Cliona O’Farrelly has been elected as Chair of Fellows, marking the first time that a woman has been appointed to the position. O’Farrelly previously served as Secretary of the Fellows for two years.
Speaking to Trinity News, O’Farrelly explained it was a “wonderful honour” to have been elected Chair of Fellows by her peers. She noted that “being the first woman in the role brings an extra challenge”.
O’Farrelly outlined her intentions for the role, noting she has two key aims. She plans to “help foster the sense of Fellowship amongst all Fellows – from the most recently appointed to the Fellows Emeriti who do so much unrecognised work for Trinity”. In addition, the new Chair hopes to “harness our combined academic energy to Trinity’s goal to be a university of global significance”.
The new Chair is a Professor in Trinity’s Biochemistry department. O’Farrelly designed, taught and assessed the first immunology course in Ireland in 1983. She created and delivered Harvard University’s only immunology course for Harvard undergraduates between 1987 and 1990, before returning to Ireland to work with PhD students.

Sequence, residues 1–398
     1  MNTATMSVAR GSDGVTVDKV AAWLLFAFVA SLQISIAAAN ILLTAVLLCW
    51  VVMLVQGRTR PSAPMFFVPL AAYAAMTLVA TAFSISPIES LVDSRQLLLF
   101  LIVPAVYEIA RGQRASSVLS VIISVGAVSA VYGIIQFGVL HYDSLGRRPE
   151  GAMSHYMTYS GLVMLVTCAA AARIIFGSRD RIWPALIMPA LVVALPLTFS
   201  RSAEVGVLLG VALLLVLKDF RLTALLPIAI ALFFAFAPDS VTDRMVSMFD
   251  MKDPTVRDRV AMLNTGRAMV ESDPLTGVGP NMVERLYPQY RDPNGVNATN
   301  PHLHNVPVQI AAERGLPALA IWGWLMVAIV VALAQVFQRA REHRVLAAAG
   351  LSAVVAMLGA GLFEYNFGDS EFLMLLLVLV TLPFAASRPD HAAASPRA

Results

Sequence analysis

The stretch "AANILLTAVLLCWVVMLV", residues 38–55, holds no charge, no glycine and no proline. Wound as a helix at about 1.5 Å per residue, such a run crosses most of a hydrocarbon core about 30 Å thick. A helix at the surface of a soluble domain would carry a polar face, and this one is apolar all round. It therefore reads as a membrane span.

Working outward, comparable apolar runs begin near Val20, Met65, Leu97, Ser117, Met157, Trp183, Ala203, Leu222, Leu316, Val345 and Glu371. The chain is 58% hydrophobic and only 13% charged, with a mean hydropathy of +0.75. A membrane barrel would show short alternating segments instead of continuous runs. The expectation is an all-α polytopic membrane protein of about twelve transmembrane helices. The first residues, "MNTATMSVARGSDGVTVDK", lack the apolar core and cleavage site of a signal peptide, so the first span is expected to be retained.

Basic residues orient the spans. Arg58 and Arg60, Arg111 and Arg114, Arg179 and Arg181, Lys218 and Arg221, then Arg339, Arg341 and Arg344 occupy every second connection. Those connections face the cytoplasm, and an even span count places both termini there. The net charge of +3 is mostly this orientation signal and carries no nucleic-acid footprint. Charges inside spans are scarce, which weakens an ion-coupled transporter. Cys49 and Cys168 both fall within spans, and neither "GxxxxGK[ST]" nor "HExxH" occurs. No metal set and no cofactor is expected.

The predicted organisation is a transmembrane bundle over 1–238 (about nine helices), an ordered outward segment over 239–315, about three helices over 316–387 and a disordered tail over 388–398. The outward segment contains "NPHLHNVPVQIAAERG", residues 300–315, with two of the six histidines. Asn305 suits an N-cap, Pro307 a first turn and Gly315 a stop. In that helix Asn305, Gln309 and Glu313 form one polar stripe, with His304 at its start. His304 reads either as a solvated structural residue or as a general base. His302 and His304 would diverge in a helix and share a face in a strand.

O’Farrelly designed and established Trinity’s MSc in Immunology in 2011. She is on the steering group for Trinity’s Public Patient Involvement (PPI) Ignite programme, which involves the public in health research processes. In 2014, she was awarded the Nature Mentoring Award for her work with PhD students. Earlier this year, O’Farrelly created workshop material explaining Cancer Immunotherapy to young people.
Fellows make up part of Trinity’s corporation, which comprises of the Provost, the Fellows, and Scholars. Fellowship is determined by “scholarship or research achievement of a high order” alongside “evidence of the candidate’s contribution to the academic life of the College, as shown in particular by participation in the work of his or her Discipline or School, and an effective record in teaching”.